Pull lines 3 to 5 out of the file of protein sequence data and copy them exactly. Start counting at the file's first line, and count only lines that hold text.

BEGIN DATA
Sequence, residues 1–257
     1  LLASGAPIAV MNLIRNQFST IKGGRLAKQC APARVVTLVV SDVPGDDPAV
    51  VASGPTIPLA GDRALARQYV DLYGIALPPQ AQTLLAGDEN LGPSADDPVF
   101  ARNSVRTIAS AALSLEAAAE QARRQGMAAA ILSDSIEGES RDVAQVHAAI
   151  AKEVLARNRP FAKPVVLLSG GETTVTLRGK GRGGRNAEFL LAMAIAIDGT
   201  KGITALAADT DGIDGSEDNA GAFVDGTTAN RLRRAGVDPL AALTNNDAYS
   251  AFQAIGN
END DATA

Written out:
    51  VASGPTIPLA GDRALARQYV DLYGIALPPQ AQTLLAGDEN LGPSADDPVF
   101  ARNSVRTIAS AALSLEAAAE QARRQGMAAA ILSDSIEGES RDVAQVHAAI
   151  AKEVLARNRP FAKPVVLLSG GETTVTLRGK GRGGRNAEFL LAMAIAIDGT